With many Americans living near the coast, human pressures such as coastal development and pollution are impacting the health and sustainability of coastal ecosystems. In addition, changing climate conditions are impacting these ecosystems and the communities that depend on them. As decision-makers continue to plan for climatic and non-climatic stressors, there is an increased demand for information on the linkage between ecosystems and services they provide to communities (e.g. food, flood protection, tourism, etc.), mechanisms for the valuation of these ecosystems services, and approaches to incorporate this information into coastal management and planning decisions.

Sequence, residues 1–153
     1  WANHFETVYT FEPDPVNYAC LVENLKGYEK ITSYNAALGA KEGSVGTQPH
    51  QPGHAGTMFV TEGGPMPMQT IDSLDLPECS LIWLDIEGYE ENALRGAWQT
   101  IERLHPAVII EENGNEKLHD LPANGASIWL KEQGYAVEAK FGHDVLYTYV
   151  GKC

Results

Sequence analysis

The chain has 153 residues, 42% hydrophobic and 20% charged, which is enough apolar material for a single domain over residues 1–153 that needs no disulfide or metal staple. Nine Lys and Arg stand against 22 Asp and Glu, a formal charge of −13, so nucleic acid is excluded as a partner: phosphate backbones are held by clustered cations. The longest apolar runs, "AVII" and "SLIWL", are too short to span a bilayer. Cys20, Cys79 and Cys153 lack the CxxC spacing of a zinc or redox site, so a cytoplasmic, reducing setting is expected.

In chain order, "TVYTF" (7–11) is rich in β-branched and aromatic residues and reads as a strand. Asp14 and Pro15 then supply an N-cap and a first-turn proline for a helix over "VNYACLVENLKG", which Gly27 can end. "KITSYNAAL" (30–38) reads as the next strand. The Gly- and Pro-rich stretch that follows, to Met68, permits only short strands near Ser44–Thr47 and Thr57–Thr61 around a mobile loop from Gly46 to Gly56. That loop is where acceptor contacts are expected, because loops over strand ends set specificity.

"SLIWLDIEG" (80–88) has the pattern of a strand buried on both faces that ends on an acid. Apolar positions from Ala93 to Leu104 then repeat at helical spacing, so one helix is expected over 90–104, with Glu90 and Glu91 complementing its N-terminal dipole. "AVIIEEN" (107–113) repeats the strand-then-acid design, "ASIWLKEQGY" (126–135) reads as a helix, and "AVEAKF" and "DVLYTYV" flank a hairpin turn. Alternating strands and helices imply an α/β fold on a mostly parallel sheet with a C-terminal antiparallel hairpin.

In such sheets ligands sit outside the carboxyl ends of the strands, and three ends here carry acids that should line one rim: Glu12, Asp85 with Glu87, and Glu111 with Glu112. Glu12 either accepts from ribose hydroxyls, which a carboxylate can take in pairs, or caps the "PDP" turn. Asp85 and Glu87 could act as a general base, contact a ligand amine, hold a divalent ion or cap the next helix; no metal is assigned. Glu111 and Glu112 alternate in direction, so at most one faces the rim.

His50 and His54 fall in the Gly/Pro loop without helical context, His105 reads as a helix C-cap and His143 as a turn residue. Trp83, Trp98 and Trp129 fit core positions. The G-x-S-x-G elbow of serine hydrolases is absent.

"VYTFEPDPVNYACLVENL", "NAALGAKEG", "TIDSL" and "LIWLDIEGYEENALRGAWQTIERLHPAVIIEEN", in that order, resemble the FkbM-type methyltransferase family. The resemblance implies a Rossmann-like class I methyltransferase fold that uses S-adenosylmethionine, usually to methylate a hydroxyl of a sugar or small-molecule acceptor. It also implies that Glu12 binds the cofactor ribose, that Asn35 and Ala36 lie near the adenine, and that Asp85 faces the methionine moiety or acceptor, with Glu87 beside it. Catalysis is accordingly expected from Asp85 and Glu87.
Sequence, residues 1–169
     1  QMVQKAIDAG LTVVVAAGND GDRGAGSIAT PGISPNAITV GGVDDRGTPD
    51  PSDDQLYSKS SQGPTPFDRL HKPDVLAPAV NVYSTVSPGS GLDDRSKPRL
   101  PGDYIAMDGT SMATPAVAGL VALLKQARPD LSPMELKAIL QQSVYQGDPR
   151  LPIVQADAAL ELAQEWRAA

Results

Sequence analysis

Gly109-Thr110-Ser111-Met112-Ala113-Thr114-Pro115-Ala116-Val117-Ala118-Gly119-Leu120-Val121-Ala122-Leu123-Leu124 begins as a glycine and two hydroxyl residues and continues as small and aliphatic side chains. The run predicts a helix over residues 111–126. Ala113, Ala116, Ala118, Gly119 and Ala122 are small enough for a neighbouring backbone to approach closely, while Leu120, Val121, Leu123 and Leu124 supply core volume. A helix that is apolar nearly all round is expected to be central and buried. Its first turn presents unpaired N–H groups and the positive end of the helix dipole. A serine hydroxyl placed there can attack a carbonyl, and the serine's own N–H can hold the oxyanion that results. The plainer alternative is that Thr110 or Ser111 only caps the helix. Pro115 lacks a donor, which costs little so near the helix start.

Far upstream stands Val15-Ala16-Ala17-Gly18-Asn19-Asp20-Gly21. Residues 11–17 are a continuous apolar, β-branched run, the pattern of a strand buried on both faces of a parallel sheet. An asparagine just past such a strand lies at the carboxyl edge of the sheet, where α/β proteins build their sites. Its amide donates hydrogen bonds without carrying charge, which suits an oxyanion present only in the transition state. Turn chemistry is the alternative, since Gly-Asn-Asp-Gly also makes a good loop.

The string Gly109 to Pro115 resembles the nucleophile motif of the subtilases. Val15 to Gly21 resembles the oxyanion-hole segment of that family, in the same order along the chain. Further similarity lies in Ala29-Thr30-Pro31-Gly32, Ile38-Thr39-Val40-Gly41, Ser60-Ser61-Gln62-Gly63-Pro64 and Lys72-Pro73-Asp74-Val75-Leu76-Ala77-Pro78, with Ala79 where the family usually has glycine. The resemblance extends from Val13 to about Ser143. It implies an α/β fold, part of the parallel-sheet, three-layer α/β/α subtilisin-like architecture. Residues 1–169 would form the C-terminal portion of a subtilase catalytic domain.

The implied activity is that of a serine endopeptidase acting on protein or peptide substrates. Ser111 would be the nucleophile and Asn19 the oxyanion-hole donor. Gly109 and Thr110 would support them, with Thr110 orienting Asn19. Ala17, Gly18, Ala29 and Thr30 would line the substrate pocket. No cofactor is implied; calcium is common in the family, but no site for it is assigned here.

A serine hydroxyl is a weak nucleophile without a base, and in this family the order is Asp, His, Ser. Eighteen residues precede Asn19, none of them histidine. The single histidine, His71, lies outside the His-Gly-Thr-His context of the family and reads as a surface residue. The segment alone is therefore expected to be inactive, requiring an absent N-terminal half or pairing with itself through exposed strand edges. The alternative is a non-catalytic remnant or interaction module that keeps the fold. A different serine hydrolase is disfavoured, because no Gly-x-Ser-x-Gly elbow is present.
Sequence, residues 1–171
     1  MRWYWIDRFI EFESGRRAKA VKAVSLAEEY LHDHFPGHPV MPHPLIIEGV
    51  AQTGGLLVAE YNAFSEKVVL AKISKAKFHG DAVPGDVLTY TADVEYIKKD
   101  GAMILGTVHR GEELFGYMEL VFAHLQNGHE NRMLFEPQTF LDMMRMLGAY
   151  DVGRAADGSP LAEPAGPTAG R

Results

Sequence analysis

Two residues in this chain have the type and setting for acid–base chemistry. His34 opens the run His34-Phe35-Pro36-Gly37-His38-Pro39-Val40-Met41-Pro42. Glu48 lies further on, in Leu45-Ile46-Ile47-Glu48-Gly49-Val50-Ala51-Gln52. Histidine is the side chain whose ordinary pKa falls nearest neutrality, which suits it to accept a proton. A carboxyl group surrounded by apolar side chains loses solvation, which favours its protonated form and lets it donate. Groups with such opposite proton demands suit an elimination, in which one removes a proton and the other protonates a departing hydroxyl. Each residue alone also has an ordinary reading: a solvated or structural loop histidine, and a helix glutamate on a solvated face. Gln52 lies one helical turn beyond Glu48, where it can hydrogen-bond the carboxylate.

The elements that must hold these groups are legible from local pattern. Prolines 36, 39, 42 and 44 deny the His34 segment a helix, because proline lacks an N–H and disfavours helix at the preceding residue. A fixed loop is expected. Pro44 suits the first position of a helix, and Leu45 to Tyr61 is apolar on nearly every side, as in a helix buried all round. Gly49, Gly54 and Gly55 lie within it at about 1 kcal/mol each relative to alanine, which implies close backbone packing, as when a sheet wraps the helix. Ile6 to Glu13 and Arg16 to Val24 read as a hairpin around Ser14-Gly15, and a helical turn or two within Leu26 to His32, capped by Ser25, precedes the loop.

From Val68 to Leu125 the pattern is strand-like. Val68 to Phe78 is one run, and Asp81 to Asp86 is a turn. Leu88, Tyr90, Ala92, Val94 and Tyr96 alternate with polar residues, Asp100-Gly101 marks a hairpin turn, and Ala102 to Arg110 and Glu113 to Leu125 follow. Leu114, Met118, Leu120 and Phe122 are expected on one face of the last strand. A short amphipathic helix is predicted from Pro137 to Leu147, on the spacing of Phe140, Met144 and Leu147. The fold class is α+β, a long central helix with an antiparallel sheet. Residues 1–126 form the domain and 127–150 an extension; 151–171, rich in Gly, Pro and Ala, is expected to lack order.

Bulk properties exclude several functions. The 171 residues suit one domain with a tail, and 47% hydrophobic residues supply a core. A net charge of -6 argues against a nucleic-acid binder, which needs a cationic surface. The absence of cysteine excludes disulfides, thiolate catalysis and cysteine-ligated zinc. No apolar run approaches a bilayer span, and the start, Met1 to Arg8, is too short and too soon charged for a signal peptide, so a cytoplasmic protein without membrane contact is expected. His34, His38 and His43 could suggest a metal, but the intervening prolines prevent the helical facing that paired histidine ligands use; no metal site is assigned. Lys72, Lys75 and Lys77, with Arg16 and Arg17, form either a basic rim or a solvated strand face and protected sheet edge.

The NOAA Coastal and Ocean Climate Applications (COCA) program is supporting efforts to address these research gaps and build capacity. COCA is a competitive grants research program within the NOAA Climate Program Office. One of several programs within the CPO Climate and Societal Interactions division, COCA strives to support coastal resilience by addressing the needs of decisions makers dealing with pressing climate-related issues in coastal and marine environments.
Since 2006, COCA funds applied research projects, lead by interdisciplinary teams of scientists and practitioners, to develop and transition climate-related research and knowledge to inform coastal decision-making. The program has supported research focused on the topic of coastal ecosystem services and coastal adaptation. The goal of this effort is to advance the understanding of the connections between coastal ecosystems and coastal adaptation planning and management decisions. This presentation will highlight research case studies supported by COCA and discuss examples and lessons learned in the development and application of methodologies for integrating ecosystem services into coastal adaptation.